Msgr. Sirianni gave a brief historical review of the parishes in the diocese that have continued to celebrate Mass in the extraordinary rite, especially since permission was granted by John Paul II in 1984. Initially, said Msgr. Sirianni, two parishes were given permission by Bishop John C. Reiss to celebrate Traditional Latin Masses – Our Lady of Perpetual Help Parish, Highlands, and All Saints Parish, Burlington (which is now part of St. Katharine Drexel Parish, Burlington).
After the Traditional Latin Masses were discontinued in Our Lady of Perpetual Help Parish, the congregants from northern Monmouth County who chose this form of worship were then invited to attend the Traditional Latin Mass that was introduced in St. Catherine Parish, Middletown.
Msgr. Sirianni said that St. Catherine Parish was the only parish in the diocese to offer the extraordinary form of the Mass for a number of years. However after the release of Pope Benedict’s 2007 apostolic letter, other parishes that introduced Traditional Latin Masses were Holy Cross, Rumson, St. Michael, West End, and as of November, Our Lady of Sorrows-St. Anthony, Hamilton.
Whether there will be more parishes beyond the current four that will offer Traditional Latin Masses in the future, Msgr. Sirianni said he honestly didn’t know.
“What I think is most important is that where the Masses are currently being celebrated is that there are a sufficient number of priests who are trained to continue the pastoral care of this rite,” Msgr. Sirianni said, “and that the catechetical element, teaching the faithful about the rite, is also being carried out.”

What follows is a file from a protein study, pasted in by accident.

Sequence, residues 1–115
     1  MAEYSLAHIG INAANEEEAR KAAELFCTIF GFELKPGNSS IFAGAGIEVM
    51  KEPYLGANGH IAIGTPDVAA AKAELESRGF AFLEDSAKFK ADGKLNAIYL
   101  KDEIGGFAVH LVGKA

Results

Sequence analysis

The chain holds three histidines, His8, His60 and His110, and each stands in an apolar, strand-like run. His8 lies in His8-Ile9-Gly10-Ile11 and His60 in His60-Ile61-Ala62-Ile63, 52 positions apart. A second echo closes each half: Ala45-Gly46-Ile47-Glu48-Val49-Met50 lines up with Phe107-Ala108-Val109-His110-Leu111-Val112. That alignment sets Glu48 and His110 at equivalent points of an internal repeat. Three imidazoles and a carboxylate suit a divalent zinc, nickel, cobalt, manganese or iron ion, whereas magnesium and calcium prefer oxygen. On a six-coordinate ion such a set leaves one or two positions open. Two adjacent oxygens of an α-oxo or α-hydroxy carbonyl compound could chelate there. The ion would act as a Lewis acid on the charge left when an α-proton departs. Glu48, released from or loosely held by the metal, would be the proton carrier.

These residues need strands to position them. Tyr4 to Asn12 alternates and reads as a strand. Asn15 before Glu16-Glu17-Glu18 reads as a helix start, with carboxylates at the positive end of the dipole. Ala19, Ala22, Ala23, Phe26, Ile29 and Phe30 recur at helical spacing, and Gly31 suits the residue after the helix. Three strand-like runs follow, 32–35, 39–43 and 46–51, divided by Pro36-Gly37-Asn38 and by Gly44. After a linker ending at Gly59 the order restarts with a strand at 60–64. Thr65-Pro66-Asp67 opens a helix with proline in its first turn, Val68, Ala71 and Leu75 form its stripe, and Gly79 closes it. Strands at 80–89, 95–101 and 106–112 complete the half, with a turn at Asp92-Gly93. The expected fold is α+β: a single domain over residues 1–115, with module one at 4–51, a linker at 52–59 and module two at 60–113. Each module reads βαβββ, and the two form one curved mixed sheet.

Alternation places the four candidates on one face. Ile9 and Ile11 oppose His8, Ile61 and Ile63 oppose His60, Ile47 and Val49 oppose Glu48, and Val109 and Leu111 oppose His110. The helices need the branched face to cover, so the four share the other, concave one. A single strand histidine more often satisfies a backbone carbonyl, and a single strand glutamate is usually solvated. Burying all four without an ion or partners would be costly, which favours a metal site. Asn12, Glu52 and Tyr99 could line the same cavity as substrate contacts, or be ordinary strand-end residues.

Regardless of how the Mass is celebrated, whether it is in the ordinary or the extraordinary form, Msgr. Sirianni said that it is his “hope that more people will be drawn to the mysteries that we celebrate and recognize the importance they have in our lives as Catholics.”
It is nostalgia and appreciation for the Traditional Latin Mass that brought Doris and John O’Donovan to the Jan. 8 Mass in St. Anthony Church.
The O’Donovans, who are longtime members of Our Lady of Sorrows-St. Anthony Parish, said that in addition to their regular Mass attendance in Our Lady of Sorrows Church, they have also enjoyed participating in the Mass in the extraordinary form. While John O’Donovan recalled being an altar server while growing up and familiar with the Latin, his wife reflected on the “quiet and reverence of the Traditional Latin Mass.”
Father Carter, who was raised Lutheran, said that it wasn’t until he had completed his Sacraments of Initiation and became Catholic that he had his first exposure to a Mass in the extraordinary form in St. Catherine Church, Middletown, his home parish.
“My friends went to that Mass and I ended up attending every week,” said Father Carter, “and as time went on, I began to see the beauty of the traditional form.”